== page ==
Legions Of Raum, purveyors of aggressive metal, live up to the collective weight of their band and album (The Great Beast Evolved) names. You gotta bring it with those monikers. Anything less than brutality would be laughable. The five tracks deliver a type of riffage that is familiar in its groove-making. For example, the opening title track channels Chimaira. Yet, vocal styling favors a gruff Lamb Of God delivery. (facebook.com/legionsofraum)
— Jason Scales

The Jeff Parker Trio may be the brainchild of its eponymous leader, but on Bright Light In Winter it’s clear the other two members – bassist Chris Lopes and drummer Chad Taylor – are equal partners. They’re proportionately represented in the songwriting department, and while all nine compositions contain solid improvisational jazz, the percussion is intrusive throughout the album (especially on the opening cut, “Mainz”). Tone down the skins, and this would be a splendid session. (jeffparkersounds.com)
— Jeff Berkwits

The Paver is pretty much on target in describing the exotic swirl of classical, punk, and heavy metal on its five-song EP, Bad News, as “Baroque-Core.” “Why” evokes a parade of witches, via ghastly screaming, strings, and a stomping beat, while “Leaves And Rust” is a frantically-paced nightmare. The somber “Everyone Knows You’re A Bore” borrows some of its melody from Steve Goodman’s “Lincoln Park Pirates” while “Hush” harks back to the days of Chicago’s nascent punk scene. (thepaver.bandcamp.com/album/bad-news)
— Terrence Flamm

In its fourth full-length release Clean On The Corner, Chicago’s primo jazz mover and shaker Mike Reed and his group People, Places & Things strides forward with one foot firmly rooted in the experimental side and the other in the more lyrical be-bop side of the jazz street. While some may find the occasional arty skronk of the dueling saxophones off-putting at times, they’ll find solace in the group’s forays down the legato side of the street. The ability of the musicians to masterfully bridge both serves as testimony to being an ensemble of rising jazz stars to watch. (482music.com)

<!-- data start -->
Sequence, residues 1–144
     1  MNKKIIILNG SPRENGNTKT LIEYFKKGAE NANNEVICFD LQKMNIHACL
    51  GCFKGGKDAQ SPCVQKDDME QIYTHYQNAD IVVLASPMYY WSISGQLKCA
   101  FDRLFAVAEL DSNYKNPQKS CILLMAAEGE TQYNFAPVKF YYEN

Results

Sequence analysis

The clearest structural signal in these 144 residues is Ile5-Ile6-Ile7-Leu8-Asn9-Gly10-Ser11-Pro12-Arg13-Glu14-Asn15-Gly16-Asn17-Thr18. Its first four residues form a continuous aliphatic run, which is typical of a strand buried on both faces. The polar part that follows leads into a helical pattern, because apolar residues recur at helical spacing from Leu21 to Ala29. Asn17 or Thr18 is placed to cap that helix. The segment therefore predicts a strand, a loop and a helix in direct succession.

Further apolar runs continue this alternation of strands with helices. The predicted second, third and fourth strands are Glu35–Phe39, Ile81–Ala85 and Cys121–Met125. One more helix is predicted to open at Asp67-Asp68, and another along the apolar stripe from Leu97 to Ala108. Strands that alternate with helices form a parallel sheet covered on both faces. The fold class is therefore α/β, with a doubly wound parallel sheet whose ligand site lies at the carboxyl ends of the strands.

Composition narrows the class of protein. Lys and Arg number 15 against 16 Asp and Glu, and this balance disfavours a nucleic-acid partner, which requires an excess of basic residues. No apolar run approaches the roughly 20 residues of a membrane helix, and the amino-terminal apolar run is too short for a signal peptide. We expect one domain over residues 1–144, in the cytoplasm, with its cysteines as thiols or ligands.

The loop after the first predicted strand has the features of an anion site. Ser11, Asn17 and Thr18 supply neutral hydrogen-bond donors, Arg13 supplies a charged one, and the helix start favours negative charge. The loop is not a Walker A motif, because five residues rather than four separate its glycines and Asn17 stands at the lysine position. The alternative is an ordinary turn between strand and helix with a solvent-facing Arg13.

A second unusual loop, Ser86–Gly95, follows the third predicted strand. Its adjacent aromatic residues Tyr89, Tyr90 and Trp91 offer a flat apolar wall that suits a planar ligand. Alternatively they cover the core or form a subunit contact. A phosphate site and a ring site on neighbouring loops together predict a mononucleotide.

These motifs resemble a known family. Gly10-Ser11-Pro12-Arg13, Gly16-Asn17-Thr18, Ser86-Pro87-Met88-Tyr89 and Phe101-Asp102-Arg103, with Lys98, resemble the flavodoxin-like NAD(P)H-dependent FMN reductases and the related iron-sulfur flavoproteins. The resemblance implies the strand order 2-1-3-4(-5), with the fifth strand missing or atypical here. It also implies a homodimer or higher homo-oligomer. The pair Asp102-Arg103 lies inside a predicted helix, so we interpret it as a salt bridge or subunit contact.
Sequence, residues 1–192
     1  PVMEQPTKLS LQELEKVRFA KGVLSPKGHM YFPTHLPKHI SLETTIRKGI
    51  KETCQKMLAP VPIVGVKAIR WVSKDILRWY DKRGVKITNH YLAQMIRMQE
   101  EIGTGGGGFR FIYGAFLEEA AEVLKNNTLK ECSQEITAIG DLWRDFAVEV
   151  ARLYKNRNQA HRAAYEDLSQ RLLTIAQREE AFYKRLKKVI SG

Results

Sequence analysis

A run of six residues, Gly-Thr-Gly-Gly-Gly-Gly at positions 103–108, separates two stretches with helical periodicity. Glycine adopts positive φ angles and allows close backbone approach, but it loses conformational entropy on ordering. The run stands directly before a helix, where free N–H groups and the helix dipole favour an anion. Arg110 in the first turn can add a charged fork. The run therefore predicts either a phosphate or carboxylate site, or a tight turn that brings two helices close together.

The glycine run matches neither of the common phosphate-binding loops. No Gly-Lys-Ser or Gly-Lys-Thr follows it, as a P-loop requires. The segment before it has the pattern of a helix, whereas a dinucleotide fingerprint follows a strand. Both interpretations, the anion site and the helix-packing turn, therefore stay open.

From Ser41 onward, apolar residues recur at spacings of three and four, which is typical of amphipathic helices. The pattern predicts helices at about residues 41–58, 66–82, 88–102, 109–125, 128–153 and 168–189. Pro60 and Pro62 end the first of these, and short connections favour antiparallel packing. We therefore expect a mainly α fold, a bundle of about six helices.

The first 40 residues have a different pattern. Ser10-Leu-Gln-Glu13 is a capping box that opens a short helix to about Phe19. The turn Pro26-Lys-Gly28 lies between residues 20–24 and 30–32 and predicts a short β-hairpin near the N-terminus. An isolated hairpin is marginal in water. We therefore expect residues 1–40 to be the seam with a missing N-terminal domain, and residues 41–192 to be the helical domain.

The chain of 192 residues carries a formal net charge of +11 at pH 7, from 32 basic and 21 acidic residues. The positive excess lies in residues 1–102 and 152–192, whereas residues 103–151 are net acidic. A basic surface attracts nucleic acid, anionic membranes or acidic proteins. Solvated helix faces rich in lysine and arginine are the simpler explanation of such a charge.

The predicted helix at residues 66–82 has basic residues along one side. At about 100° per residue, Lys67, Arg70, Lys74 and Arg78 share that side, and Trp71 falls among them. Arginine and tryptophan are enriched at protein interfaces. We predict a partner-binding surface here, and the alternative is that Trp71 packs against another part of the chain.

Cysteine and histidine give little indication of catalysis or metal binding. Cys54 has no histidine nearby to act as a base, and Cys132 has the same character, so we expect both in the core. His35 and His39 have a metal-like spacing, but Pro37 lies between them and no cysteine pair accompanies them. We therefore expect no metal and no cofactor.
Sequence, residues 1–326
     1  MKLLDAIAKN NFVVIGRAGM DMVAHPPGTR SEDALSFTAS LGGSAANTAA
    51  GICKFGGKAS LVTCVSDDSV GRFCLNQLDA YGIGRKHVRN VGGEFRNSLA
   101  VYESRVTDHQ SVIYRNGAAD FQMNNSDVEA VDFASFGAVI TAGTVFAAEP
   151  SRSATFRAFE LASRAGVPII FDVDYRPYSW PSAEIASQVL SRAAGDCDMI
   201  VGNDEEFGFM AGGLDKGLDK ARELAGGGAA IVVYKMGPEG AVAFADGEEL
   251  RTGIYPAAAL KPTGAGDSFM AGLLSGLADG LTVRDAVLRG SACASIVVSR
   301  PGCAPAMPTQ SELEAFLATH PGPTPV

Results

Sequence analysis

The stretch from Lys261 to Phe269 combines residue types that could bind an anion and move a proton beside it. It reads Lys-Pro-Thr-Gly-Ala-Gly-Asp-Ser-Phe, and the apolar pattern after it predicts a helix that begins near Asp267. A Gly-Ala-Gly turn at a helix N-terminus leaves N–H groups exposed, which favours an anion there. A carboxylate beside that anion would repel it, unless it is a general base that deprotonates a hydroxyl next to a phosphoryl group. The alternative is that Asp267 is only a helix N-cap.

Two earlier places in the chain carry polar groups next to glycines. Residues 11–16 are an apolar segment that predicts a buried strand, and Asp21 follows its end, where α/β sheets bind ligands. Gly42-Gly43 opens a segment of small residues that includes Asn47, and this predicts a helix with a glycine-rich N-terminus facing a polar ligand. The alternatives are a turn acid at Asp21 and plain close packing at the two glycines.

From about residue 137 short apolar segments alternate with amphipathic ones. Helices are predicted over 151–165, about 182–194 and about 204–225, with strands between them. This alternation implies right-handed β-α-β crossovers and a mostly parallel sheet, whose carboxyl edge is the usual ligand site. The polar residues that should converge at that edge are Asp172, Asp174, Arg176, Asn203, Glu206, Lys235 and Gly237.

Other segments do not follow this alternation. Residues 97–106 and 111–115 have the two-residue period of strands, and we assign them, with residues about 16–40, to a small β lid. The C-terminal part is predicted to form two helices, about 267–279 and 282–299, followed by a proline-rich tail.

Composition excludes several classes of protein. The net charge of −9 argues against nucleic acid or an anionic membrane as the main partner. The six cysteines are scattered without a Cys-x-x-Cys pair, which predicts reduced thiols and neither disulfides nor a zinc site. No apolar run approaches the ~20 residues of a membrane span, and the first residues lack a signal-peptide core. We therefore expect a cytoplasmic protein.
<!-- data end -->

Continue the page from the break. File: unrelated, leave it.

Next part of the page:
— David C. Eldredge

Though raised and originally based in New York state, Rediculous spent a disproportionate amount of time promoting and developing Chicago-bred artists. He’s since moved here in time to issue the next installment of his “Masters Of Conversation” series, Punchlines And Parables. Boasting a guestlist from Sadat X to Brooklyn’s up-and-coming Ruste Juxx, Rediculous provides a progressive-hip-hop backdrop that mixes neo-soulfulness with distorted rock textures, all with throwback boom-bap beats. When New Yorkers start flocking this direction, you know Chicago has something brewing. (knowledgegivingbirth.com)
— Steve Forstneger

Music pundits never fail to make note of Jason Stein‘s instrument of choice – the bass clarinet – as an oddly difficult instrument to use to lead a jazz quartet. So let’s leave it that. On The Story This Time Jason and quartet tend to bookend esoteric free-form noodling around a more solidly accessible post-bebop center. The Monk renditions truly shine. (www.jasonsteinmusic.com)
— David C. Eldredge

Throughout Vintage Blue‘s Strike The Mics, the troupe blends a little bit of funk, folk, and good old-fashioned rock ‘n’ roll. The results range between affable to overly whitewashed and bland, sounding several years behind the times while recalling the likes of Blues Traveler or Sister Hazel. Though the guys’ playing chops are certainly sharp, it’s a shame they couldn’t offer up a less exhausted style. (vintagebluemusic.com)
— Andy Argyrakis

Wells-Next-The-Sea is an English-sounding name, but the band is Chicago-bred and creates homespun indie rock songs on Passenger Side. Vocalist/guitarist Dann Morr is the only remaining member from 2010’s Guest House, but has a strong rapport with the new recruits. He shares harmony vocals with fiddle player/vocalist Liz Barnett on the acoustic “With Our Eyes Closed.” Barnett also has a duet with singer/ukulele player Brennan Mackey on the funny, barroom romance, “No One Knows You Like I Do.” (wellsband.com)
— Terrence Flamm

Young Jesus‘ debut bills itself as “the grungy lovechild of Arcade Fire and Alkaline Trio,” and as strange as that sounds, it’s actually accurate. However, that doesn’t mean the group’s alt-rock/folk rumblings and post-punk angst are meant to be played on top of one another, which leaves Home’s lofty intentions disjointed at best and maddening at worst. (youngjesus.bandcamp.com)
— Andy Argyrakis

Tags: , , , , , , , , , , , , , , , , , ,

Category: Around Hear, Columns, Monthly

About the Author ()

Leave a Reply

Your email address will not be published. Required fields are marked *